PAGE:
“Stay there, I’ll come to you.” The started turned the engine but it wouldn’t fire. “Damn it, what’s wrong?” Then he saw it; in his panic, he had failed to push in the stop handle. The engine started and he headed toward her, shifting to neutral as he approached and coasted the last short distance. Don’t want to get her in my prop. He threw the LifeSling with its line attached to the stern and pulled her over to the boat. She was too exhausted to offer more than her outstretched arm but Carter reached over the rail and pulled her on board. She collapsed on the cockpit seat and threw up sea water. He ran below, brought back a wet towel and blanket, turned her on her side, pushed back her dark wet hair and wiped her face. Kneeling over her, he said, “You okay?”
“Think so. Been out there since…swimming toward your anchor light. Thirsty. ”
He went into the galley and came back with a Diet Dr. Pepper, wishing for once he had sugared drinks on board. He held the can and forced her to drink slowly. “Can you sit up? Let me get you into a bunk.” He helped her below and put her in a cabin, covering her with a lightweight blanket.
“Can’t stay here,” she said, her voice hardly more than a whisper. “They’ll be back. Get moving. Keep your lights out.”
He felt her forehead and found a cold sweat, her breathing was shallow and fast. “Who’s they?”
There was no answer.
He shook her and tried again. “I need to know who’s after you. Who am I running from?” There was no response; she was totally out. The answer would have to wait.
None of this made sense. In all his years of sailing, he’d never picked up someone in the water. But for some reason, he was willing to follow her instructions. He turned off all his lights except the compass. Back on deck, he revved up Mo’s engine as fast as he dared and set a course to the southeast, heading south of the shipping channel and south of the Northwest Channel Light. He knew there was a risk moving without running lights, but boats didn’t go this way because it was a dead end. Three hours in this direction and he would be in coral heads. He would have to turn back north before that, but for now, it seemed like a good place to hide if he didn’t go too far.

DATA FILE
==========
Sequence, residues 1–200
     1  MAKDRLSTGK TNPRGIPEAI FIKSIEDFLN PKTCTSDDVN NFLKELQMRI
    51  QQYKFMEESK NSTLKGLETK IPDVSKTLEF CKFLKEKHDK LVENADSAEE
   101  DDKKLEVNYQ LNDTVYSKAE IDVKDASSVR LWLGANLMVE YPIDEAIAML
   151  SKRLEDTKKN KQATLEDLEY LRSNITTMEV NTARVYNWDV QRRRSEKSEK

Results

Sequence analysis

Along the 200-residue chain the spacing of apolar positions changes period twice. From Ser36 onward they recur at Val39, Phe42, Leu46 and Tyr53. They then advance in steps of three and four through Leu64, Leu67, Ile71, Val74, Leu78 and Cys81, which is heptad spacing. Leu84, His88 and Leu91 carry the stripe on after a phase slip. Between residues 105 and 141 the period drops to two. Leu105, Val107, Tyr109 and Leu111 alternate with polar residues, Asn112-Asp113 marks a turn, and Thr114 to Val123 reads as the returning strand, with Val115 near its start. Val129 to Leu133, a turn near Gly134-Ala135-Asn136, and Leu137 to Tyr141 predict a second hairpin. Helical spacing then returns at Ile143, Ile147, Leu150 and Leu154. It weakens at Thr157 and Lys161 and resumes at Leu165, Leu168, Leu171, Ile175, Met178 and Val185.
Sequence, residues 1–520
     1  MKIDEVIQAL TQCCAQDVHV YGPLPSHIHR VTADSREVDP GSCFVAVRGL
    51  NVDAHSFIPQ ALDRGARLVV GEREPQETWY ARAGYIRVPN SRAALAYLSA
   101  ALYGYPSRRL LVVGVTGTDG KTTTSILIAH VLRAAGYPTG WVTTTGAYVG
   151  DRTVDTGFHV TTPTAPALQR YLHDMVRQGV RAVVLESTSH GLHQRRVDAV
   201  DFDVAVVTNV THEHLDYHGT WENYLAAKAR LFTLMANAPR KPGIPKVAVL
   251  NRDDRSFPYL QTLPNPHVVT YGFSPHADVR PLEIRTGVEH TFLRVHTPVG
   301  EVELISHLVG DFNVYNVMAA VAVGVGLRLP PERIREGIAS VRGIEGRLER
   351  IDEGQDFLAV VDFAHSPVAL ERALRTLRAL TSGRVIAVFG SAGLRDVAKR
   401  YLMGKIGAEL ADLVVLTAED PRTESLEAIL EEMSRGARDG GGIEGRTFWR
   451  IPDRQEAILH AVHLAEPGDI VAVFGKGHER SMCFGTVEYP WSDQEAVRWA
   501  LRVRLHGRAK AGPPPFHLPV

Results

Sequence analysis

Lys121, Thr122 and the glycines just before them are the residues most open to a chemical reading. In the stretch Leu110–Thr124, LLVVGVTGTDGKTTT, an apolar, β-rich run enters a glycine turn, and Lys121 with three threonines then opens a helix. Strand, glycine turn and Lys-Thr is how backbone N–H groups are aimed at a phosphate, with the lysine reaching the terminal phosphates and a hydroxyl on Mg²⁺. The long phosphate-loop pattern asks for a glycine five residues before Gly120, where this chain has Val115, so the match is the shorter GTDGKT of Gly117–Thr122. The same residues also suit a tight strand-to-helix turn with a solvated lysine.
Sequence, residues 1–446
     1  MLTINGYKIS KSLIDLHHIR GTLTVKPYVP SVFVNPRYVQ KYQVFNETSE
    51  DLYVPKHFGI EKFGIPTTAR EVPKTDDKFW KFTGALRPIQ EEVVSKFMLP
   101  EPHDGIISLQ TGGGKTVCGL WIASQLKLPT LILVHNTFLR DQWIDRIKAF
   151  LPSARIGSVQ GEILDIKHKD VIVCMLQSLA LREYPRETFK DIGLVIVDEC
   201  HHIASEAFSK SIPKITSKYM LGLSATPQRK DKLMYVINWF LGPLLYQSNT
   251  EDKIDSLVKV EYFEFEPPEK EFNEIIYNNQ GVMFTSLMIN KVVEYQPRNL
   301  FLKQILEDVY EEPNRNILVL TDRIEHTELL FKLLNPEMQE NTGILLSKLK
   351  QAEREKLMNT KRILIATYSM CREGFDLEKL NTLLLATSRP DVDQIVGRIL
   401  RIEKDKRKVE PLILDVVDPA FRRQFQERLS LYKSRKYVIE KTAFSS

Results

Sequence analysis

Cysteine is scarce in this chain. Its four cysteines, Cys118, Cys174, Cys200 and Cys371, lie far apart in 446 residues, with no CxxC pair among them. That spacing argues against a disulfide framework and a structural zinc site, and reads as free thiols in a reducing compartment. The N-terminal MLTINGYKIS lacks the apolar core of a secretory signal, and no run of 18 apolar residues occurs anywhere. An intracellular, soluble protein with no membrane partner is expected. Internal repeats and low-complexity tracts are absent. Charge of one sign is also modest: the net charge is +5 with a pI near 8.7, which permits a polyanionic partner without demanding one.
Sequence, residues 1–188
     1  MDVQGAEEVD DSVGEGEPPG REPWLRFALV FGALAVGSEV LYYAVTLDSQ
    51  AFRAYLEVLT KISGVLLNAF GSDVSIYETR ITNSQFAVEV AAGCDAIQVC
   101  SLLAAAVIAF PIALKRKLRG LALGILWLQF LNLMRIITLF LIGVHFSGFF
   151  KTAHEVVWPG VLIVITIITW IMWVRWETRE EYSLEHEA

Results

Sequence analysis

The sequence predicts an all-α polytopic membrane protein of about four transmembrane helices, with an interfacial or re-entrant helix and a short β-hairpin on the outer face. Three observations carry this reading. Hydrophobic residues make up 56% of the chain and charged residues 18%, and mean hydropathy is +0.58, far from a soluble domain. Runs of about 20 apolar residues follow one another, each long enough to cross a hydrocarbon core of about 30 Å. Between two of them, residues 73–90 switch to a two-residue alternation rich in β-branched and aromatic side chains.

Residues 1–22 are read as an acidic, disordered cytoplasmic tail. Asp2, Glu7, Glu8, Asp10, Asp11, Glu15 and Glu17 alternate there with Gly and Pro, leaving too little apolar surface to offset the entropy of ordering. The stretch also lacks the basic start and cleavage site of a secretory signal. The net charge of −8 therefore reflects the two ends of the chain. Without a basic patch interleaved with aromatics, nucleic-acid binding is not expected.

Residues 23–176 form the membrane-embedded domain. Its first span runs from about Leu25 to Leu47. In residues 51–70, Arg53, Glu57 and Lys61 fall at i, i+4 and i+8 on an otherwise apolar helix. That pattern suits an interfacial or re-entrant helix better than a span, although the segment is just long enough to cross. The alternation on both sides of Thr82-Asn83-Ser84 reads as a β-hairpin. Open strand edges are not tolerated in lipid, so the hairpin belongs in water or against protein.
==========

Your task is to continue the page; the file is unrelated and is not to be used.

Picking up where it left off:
He was running on adrenalin but this wouldn’t last and coffee would help. It was obvious he would be up for the rest of the night. With the autopilot in control, he went below and fixed a very strong pot, the way he liked it on night watch. Pouring it into his thermos, he grabbed a mug and went back to the cockpit. He was cutting through the darkness in a flat sea, listening to the reassuring rumble of the engine. With no land anywhere, the horizon made it look as if the boat was in the middle of a shallow bowl, and infinitely small. It seemed impossible that they would encounter anyone, or that anyone could find them. He looked at the phosphorescent glow of his wake and the dim red light of the compass.
After verifying his heading and the absence of traffic, Carter decided to check on his guest. She was still out, but breathing evenly. Realizing her shorts and t-shirt were wet and soaking his upholstery, he tried harder to rouse her, shaking her shoulder and raising his voice. “Hey, wake up. You need to get out of those wet clothes.”
There was no response. He raised her arm and slapped it. When he let go, it fell limply beside her, like a rag doll. He checked her pulse and found it strong and steady. He paused, then made a decision. As much as he knew he should get her out of these wet clothes to prevent hypothermia he just couldn’t do it. Somehow it felt like rape. He turned her from side to side, tucking the blanket tightly around her. It would have to do.
Looking at her sleeping so deeply he let his imagination run, but he couldn’t come up with any scenario that would put her in the water, miles from anywhere, swimming for her life. Had she jumped overboard to avoid — what? Been thrown? That’s the stuff that bad movies are made of. He knew the Bahamashad pirates, but their thing was drugs and stealing fast boats, not tossing young women overboard. Finally he realized two hours had passed and he would soon be in coral heads, he went back on deck, checked his GPS, and headed directly for the Northwest Channel Light. All boats heading off the banks passed just north of that light, through an opening in the coral reef only a few hundred feet wide. He had to plot where he was on his chart and set the new course. “Damn, this wouldn’t be necessary if I had a chartplotter. Wish I could have afforded one.” He muttered under his breath.
Carter hoped he had gone off course long enough to evade whoever was after the gutsy young woman. It was darker now; the moon had set but he was surrounded by stars. Then he focused on something that surprised him. For the first time in months, he wasn’t enveloped in sadness. He was clear-headed, the sluggishness gone. He was very glad to have his uninvited guest, in spite of whatever risk it posed for him, his sailing had a purpose and he knew he would do anything to keep her on board. He had no idea how soon that resolve would be tested.